I understand that there are orphans and foster kids out there with complicated or troubled families of origin that need permanent homes. I know that adoption has a place in our society. It’s just that it needs to be taken out of the spotlight as a fairy tale solution for the childless. In addition, by celebrating the fairy tale of adoption and ignoring its complexities, we continue to drive a billion-dollar, for-profit adoption industry. This is an industry that exploits the desires of childless couples or other people that have an “itch” to raise or “save” a child. This is an industry that also exploits pregnant, confused young women.

The unavoidable truth and the crux of adoption complexity is that it necessitates the undoing of one family so that another one can come into being or add to its brood. The singular most important fact about adoption is that it causes trauma, loss, and grief for both the biological mother (and often for others in the original family) and the adoptee. And most importantly, the fairy tale narrative of adoption denies adoptees the acknowledgement and support necessary to process their experiences across a lifetime. Because being adopted is a journey that lasts a lifetime.

I have a friend who adopted a toddler from a Russian orphanage (before the 2013 ban by Russia of the country’s children by U.S. families). He’s now a teenager. She’s a fabulous mom and her son is a smart, socially well-adjusted kid. We were talking and the subject of adoption came up (I was probably updating her on my crazy adoption journey). I don’t remember exactly what I said, but I used the word “adopted” to describe her son. She corrected me. She said, “He was adopted.” She emphasized the past tense and went on to explain that she didn’t use that word to describe her son. He’s simply “her son.” I get that. And I certainly didn’t mean to offend her. But the words “adopted” and “adoptee” aren’t bad words. At least they shouldn’t be. I felt the need to gently explain to my friend that her son is adopted and will always be an adoptee. He certainly doesn’t need to wear it as a badge of honor, but the fact that he is adopted and there is another family out there that he belongs to just as he belongs to her family, needs to be acknowledged. He may have feelings and emotions about it that he wants to talk about. He may have questions about his heritage and ethnicity. She should acknowledge that it is and will always be a part of his identity.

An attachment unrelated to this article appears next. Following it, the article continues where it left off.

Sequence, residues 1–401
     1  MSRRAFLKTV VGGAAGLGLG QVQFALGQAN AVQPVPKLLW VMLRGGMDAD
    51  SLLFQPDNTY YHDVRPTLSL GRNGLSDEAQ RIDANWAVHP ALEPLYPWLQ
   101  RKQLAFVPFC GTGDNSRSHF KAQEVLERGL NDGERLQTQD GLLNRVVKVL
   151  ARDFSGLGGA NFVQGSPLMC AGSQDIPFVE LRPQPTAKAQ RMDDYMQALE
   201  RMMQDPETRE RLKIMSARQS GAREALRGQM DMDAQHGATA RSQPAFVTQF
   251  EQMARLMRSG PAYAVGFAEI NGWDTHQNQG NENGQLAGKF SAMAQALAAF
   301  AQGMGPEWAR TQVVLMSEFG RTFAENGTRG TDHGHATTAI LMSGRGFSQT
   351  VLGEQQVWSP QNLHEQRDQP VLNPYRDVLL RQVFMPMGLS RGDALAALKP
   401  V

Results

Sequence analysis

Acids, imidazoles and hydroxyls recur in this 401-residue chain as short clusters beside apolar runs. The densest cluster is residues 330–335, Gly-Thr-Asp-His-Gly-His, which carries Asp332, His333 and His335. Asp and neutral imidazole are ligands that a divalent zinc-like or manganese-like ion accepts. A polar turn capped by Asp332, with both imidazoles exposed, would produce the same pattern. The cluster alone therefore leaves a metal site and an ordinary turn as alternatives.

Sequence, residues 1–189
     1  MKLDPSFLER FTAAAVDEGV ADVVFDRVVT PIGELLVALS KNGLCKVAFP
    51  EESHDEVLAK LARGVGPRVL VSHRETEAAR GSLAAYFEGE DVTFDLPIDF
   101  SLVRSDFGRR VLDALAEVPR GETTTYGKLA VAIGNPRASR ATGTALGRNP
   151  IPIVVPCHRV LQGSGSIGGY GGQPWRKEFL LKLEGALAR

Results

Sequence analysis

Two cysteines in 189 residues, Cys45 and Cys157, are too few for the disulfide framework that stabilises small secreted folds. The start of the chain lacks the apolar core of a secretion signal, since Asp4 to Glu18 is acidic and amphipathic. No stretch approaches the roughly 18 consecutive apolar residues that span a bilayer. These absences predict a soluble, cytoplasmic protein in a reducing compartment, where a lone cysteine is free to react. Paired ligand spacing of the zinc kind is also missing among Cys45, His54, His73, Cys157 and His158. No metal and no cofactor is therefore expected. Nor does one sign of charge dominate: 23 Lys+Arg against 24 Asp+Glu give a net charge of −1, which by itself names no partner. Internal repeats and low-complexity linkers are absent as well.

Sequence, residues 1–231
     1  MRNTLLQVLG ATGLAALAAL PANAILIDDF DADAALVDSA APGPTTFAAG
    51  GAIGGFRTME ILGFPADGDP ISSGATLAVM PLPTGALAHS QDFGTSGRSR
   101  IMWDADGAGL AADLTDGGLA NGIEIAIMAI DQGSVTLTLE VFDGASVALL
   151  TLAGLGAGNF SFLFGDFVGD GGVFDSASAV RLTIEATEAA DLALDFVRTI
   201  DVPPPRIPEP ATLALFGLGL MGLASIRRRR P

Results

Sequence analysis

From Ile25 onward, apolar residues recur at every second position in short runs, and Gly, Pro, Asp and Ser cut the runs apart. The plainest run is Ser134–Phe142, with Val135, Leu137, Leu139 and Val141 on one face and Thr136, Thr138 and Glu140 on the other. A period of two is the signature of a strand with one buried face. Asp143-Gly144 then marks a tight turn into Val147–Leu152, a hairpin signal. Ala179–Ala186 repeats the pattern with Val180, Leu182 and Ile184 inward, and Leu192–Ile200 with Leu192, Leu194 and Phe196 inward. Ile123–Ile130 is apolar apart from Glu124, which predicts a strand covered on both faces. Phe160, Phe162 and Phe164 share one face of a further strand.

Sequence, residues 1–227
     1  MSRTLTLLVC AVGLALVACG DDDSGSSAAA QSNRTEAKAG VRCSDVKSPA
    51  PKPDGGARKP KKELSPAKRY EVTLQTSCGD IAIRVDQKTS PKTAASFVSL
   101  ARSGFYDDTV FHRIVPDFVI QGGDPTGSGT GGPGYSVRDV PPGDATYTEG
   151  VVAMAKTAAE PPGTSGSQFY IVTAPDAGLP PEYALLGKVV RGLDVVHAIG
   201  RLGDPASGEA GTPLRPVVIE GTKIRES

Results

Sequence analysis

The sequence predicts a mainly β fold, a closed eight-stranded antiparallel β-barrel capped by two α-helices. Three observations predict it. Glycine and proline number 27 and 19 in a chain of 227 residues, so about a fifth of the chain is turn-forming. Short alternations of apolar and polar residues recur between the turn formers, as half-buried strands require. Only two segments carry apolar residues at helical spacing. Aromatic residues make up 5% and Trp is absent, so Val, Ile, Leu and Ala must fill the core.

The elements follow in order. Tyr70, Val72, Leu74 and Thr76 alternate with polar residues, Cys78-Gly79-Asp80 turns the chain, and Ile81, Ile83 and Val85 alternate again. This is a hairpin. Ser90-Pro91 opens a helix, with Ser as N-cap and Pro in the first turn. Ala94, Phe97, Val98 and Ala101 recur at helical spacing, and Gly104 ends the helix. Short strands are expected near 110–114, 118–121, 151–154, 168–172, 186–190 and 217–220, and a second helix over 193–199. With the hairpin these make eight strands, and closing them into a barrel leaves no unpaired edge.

I cannot begin to describe all of the complexities of being adopted. It is a complex journey and different for every adoptee. Depending on the adoptee, it may involve searching for biological family. It may involve reunion. It may not. It may involve sadness, loneliness and depression. I hope not, but statistics do indicate that adoptees far outnumber non-adopted youth in all types of psychiatric treatment facilities. Some adoptees may feel like they have, in fact, lived a fairy tale life with their adopters. That’s great, too, but I hope there is some support out there for every adoptee when and if it is needed.

In the end, we all need to realize that at the center of every adoption is the adoptee. And I’m all about adoptee stories. I want to hear them all. I’ve read many of the adoptee memoirs out there (and still reading!). Take some time to read an adoptee story. Take some time to understand the heart of an adoptee. Celebrate National Adoption Awareness this way.

3d mock1